UK: Marie Curie PhD studentship at Plymouth University

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Be part of a 26-person strong team of PhD students to study the link between creativity and cognition. CogNovo is an Innovative Doctoral Programme, funded by the EU Marie Curie initiative and Plymouth University, to foster research training in the emerging field of Cognitive Innovation.
Implement enhancements to state-of-the-art curiosity driven algorithms on a robotic platform, to explore the contributions creativity can make to artificial system cognition.
An alternative approach to furthering understanding of the relationships between creativity and cognition is by trying to build artificial cognitive systems. Cognitive roboticists have long been interested in how a sense of curiosity can drive exploration and learning during development. Artificial curiosity has been implemented on robots to guide learning by steering the robot’s exploratory behaviour to unknown but possibly rewarding areas of its environment. In nature, intrinsic curiosity has been shown to be essential for scaffolding cognition: it is observed in most mammals and is prominent in the human species.
Creativity goes beyond curiosity, as it allows the active construction of solutions to problems, where curiosity merely supports exploration of the environment without actively shaping it. At the same time, creative processes can be used as a window into cognition: Art allows us to understand human perceptual and cognitive processes. Creative acts are observed at a young age and this project will explore if and how the development of creativity can be replicated on an artificial system, such as a robot.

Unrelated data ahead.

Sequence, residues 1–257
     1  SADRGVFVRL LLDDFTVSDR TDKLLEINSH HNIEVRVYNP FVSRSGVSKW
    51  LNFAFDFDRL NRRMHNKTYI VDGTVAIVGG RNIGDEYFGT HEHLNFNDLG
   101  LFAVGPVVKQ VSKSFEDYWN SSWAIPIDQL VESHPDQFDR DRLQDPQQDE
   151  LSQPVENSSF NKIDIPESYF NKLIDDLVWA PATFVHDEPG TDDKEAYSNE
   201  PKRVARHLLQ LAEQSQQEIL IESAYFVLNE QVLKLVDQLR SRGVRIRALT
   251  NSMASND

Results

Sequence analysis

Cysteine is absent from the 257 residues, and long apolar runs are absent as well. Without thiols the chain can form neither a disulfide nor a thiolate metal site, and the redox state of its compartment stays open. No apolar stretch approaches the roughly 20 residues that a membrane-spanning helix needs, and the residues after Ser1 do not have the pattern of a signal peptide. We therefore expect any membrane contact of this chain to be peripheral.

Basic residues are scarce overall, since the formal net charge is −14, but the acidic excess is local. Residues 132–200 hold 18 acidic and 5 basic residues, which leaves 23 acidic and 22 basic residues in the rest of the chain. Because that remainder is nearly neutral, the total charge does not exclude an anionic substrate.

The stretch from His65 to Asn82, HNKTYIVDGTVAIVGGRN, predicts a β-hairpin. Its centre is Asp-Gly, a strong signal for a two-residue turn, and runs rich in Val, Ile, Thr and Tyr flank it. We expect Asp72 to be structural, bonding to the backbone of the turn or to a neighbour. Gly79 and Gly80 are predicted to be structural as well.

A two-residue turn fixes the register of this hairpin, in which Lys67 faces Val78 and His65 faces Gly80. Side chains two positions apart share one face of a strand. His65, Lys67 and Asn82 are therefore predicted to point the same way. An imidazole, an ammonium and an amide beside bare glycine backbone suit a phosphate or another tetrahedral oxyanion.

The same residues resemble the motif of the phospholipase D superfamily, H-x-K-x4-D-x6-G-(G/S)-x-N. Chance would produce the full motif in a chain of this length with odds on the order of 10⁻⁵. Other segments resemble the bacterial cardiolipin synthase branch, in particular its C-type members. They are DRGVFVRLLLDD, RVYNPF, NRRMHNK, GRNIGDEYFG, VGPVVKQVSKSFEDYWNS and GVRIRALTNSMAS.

Planned secondments:
Sony Computer Science Labs, Paris, France (10 months : Robot creativity experiments); Humboldt University, Germany (2 months: Ethological studies in creativity)

Essential skills:
Degree in computer science, robotics, or cognitive science (BSc, MSc preferred). Excellent programming skills (in for example C++ or Python). Strong motivation for research in robotics and cognitive science. Communication skills, both to an academic audience as well as to a lay audience. Team player

Desirable skills:
Demonstrated research engagement, through for example publications or collaborative work with a research team.

Honours first degree (minimum upper second) or equivalent in the or related fields. Candidates who also have a Master’s degree in these fields are especially desirable.

For an informal: chat about the position, feel free to contact Tony Belpaeme (
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